Consolidated Guidance goes to the Prime Minister

The Investigatory Powers Commissioner, Sir Adrian Fulford, confirmed on Friday that his review of the Consolidated Guidance had been submitted to the Prime Minister. Sir Adrian expressed his thanks for "the significant amount of work and enormous assistance I have received from our internal and external stakeholders in completing this task." The Prime Minister's response to the proposed revised Guidance is now awaited.

You can find the IPCO's statement here; and the APPG's response to the consultation on the Guidance here.

MoD guidelines challenged

APPG Member David Davis challenged ministers through an Urgent Question over Ministry of Defence guidelines that appear to give ministers discretion over whether to approve information sharing that could be linked to torture.

Documents released under a Freedom of Information Act request by Dr Sam Raphael, Co-Director of the collaborative research initiative The Rendition Project, include MoD guidelines which state that information sharing should not proceed where there is a risk of torture "unless ministers agree that the exceptional benefits justify accepting the risk and the legal consequences that may follow." David Davis argued that this paragraph "presumes that Ministers can overrule the law, even international law, including that on absolute rights such as the prohibition of torture."

In response, the Defence Secretary, Penny Mordaunt, insisted that the Government's position was one of robust opposition to torture, and that once the review by the Investigatory Powers Commissioner of the Government's Consolidated Guidance on overseas detainees was completed and published, internal MoD guidance could be reviewed aC ordinary. She added that she expected the Commissioner's review to be completed and considered by the Government shortly: "I anticipate that this will be a matter of weeks." This was a much more definite response regarding the publication of the review of the Consolidated Guidance than that given in answer to a Parliamentary Question by APPG Treasurer Lord Hodgson in April.

In the course of the debate, a number of MPs, including APPG member Andrew Mitchell, pressed the Secretary of State on the failure to pursue a judge-led inquiry into extraordinary rendition, now some 323 days (and counting) since the release of the Intelligence and Security Committee's report. On this, however, the new Secretary of State declined to be drawn.

See the Urgent Question and resulting debate here.

UN Committee adds to calls for inquiry

In a new report (the sixth periodic report on the UK, covering a wide range of issues), the UN Committee Against Torture has urged the British Government to initiate its long-promised judge-led inquiry into extraordinary rendition. Citing the further revelations in last summer's reports by the Intelligence and Security Committee (ISC), the Committee urges the Govenrment to "establish without further delay an inquiry on alleged acts of torture and other ill-treatment of detainees held overseas committed by, at the instigation of or with the consent or acquiescence of British officials." It expresses concern that the inquiry has not so far been initiated, "despite previous assurances to this Committee."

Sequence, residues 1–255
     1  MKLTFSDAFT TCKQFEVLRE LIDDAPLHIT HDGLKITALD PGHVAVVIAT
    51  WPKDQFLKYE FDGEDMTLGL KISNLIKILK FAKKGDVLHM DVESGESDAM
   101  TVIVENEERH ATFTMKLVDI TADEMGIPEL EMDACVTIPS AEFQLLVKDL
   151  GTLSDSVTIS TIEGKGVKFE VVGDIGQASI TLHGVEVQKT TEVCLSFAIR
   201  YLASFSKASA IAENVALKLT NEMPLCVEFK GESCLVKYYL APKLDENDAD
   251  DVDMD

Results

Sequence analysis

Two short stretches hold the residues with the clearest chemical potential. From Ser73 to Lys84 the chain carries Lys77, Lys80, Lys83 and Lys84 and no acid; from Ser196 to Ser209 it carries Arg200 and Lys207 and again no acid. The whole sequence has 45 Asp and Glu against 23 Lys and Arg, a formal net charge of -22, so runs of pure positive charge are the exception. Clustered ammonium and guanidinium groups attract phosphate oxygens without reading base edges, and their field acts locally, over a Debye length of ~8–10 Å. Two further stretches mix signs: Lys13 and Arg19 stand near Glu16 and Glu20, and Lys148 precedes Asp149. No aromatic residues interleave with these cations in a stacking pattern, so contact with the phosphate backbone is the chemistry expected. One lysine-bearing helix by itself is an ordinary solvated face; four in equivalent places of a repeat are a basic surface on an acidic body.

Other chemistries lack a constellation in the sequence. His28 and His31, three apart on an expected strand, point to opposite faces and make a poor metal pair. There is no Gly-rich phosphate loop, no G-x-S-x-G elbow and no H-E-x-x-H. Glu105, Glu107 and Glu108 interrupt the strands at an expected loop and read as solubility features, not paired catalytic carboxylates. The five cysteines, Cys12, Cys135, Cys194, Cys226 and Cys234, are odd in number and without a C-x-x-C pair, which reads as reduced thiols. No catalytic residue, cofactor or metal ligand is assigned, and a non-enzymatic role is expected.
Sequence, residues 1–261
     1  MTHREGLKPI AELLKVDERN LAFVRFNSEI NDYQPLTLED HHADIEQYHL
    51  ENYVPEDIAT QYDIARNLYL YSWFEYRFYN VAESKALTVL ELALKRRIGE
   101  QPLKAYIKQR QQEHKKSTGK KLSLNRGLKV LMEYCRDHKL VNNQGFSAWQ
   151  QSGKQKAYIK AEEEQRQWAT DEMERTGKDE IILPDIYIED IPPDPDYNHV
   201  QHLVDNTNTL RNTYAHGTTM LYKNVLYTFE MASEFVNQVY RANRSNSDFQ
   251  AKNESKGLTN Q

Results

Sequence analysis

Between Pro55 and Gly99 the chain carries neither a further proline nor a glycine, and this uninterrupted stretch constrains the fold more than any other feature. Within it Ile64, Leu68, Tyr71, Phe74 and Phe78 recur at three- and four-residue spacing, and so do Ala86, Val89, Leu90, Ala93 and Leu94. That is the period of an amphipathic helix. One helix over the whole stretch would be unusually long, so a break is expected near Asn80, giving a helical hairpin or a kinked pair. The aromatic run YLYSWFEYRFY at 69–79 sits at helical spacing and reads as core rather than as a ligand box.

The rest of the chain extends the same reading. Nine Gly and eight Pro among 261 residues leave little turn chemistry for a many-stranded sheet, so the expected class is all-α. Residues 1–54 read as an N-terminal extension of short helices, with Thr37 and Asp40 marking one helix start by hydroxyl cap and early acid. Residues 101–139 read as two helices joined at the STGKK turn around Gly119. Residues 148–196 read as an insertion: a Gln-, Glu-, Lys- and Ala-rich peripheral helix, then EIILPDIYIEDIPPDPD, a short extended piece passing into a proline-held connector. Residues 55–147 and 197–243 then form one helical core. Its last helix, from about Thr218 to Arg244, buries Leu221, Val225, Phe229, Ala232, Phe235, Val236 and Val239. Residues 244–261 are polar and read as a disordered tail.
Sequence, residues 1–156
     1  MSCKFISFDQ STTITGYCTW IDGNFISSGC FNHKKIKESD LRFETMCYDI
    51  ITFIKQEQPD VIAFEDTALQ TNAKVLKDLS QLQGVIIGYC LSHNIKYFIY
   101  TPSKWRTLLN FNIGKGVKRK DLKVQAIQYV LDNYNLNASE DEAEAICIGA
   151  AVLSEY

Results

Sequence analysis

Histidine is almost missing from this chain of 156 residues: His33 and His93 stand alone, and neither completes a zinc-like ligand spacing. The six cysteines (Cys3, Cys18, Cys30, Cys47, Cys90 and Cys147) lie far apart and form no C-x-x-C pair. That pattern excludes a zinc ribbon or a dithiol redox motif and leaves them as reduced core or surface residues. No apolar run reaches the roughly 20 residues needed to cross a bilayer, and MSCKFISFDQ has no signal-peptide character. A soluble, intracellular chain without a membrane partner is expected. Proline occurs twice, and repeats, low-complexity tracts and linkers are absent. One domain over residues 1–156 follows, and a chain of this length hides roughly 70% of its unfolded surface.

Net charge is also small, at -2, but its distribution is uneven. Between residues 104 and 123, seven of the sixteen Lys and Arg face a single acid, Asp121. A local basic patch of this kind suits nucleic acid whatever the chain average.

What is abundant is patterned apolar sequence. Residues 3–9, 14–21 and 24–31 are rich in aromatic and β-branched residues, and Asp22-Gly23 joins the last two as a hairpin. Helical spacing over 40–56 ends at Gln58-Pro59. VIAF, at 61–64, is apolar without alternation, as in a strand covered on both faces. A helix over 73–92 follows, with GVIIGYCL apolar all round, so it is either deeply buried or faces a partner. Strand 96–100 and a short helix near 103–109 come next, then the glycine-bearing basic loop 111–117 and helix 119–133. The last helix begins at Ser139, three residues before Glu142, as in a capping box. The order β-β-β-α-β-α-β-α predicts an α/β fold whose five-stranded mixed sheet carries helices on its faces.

Its promises of a speedy response at the time of the ISC report, and calls from bodies such as the UN Committee, the Council of Europe, the APPG and NGOS for the inquiry notwithstanding, the government says only that it "continues to give serious consideration" to the need for it. 



Foreign office criticised over scrutiny of UK spy agencies

APPG Chair, Ken Clarke, is quoted in the today's Financial Times on concerns over the lack of challenge by the Foreign Office when signing off possible unlawful action by UK spy agencies overseas.

The Financial Times article is in response to the recent annual report published by the Investigatory Powers Commissioner's Office. Ken Clarke said: “ It is extremely important that the secretary of state takes this role seriously and scrutinises adequately and in some detail what he or she is being asked to authorise.  Over successive governments some ministers have acted conscientiously and properly but others have tended to sign off whatever is presented to them.  It must not be left to the practices of individual ministers to ensure confidence in the authorisation process.”

The article draws a link back to the UK’s role in the so-called “war on terror”, where ministers did not sufficiently question the agencies.

The full article is available here

Financial Times

 Investigatory Powers Commissioner's Office. 

APPG holds AGM, welcomes new members

The APPG today held its AGM and welcomed the following new members: Imran Hussain MP, Richard Graham MP, Dr Matthew Offord MP and Rt Hon Stephen Timms MP.

APPG founder Rt Hon Lord Tyrie was appointed as Co-Chair, with Rt Hon Ken Clarke MP remaining as Chair. 

Read the AGM minutes here.

Ken Clarke: Government response to Intelligence and Security Committee reports on rendition "an exercise in evasion"

APPG Chair Ken Clarke has today criticised the government’s attempt to bury its response to the Intelligence and Security Committee reports into detainee mistreatment and rendition.

UK spy agencies knew source of false Iraq war intelligence was tortured

Middle East Eye reveals today that British intelligence agencies fed questions to the interrogators of a captured terrorism suspect whom they knew was being seriously mistreated in the aftermath of the 9/11 attacks, and ministers then relied upon his answers to help justify the 2003 invasion of Iraq.

UK anti-torture policy 'unfit for purpose', says APPG

As covered in today's Financial Times, the APPG has responded to the public consultation on the UK's anti-torture policy, by calling the policy 'unfit for purpose and insufficient to prevent a repeat of UK involvement in rendition and torture.'